Jerez de la Frontera - Sherry Bodegas

Climb aboard the Gonzalez Byass Bodega tour train.

Sherry BodeGas - Winery tours

The white chalky soil of the Jerez area, 'albariza,' is ideal for the cultivation of Palamino grapes which produce the sherry for which Jerez is so well known. If you arrive at Jerez airport, as you leave your plane to walk to the terminal, you will be greeted by wooden sherry barrels piled up decoratively, along with grassy lawns and beautiful flowers, surely one of the most attractive of any Andalucian airports.

 

 

The city is the centre of the province's sherry dynasties, such as Domecq and Gonzalez Byass. It is a legacy that dates back some 250 years to when Scottish and Irish entrepreneurs, decided to set themselves up in the wine trade. Soon after, several French families established wine businesses in the area, including Pemartin, Lustau and Delage. Although no one can contest the foreign origins of most sherry families, over the years they have developed into a truly Spanish (though Anglophile) aristocracy. Today large multinational companies also exercise some control over the leading Jerez bodegas.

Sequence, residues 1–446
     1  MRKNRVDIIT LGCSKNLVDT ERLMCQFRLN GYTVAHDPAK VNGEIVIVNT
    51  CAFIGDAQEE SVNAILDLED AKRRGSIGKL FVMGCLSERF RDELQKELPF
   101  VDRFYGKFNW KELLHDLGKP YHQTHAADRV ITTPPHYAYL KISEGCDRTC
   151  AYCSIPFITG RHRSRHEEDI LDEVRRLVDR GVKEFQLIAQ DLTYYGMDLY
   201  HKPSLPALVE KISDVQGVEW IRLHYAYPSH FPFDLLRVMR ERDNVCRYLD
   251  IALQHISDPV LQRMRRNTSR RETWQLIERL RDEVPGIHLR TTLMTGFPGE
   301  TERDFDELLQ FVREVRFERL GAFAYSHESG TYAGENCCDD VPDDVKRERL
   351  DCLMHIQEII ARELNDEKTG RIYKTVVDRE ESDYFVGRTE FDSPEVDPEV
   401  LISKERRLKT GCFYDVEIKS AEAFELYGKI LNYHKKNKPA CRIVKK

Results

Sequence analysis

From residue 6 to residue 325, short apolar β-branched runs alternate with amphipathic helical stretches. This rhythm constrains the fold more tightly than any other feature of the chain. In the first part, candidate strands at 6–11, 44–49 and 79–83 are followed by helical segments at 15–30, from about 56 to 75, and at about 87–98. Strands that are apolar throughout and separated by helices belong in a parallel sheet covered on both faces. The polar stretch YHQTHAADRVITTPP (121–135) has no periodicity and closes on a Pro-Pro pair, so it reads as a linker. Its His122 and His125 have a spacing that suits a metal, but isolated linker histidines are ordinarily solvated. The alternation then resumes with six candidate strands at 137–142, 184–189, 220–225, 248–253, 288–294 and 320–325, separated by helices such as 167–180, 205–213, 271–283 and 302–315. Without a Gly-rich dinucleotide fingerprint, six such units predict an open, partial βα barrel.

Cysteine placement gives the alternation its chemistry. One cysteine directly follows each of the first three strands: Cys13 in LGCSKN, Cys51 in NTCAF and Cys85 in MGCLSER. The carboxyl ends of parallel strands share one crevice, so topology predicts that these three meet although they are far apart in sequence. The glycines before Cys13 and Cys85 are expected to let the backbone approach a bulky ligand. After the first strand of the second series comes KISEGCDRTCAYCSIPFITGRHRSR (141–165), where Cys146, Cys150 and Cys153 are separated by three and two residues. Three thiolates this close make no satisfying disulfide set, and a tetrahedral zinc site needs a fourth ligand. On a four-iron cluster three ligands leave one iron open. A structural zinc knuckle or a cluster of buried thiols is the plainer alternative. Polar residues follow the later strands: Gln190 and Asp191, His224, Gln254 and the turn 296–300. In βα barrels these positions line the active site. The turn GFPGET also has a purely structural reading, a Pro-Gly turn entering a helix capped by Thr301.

It is well worth taking a visit to one of Jerez's many sherry 'bodegas' (literally cellar, but also used to mean wine producer and winery), from the mighty Gonzalez Byass, to the smaller ones such as Harveys. You can see how, and where, the five different types of the famous fortified wine are made, usually in huge cathedral-like buildings lined with barrels, including the all-important blending, even the making of the barrels, and then taste them for yourself. By far the most popular sherry here in Spain is the dry, pale straw-coloured fino, which is drunk chilled, and diluted with lemonade to make 'rebujito' at ferias. Foreign tastes tend more towards the cream, such as Harvey's Bristol Cream, which is a blend of oloroso and dried Ximenez grapes. Many of Jerez's bodegas also produce brandy.

For more on the history of sherry click here; see this page for how sherry is made; and here to read about the different types of sherry. The Mystery of Jerez section of the new Atalaya museum in calle Cervantes is dedicated to sherry (the other part is, rather bizarrely, about watches and clocks).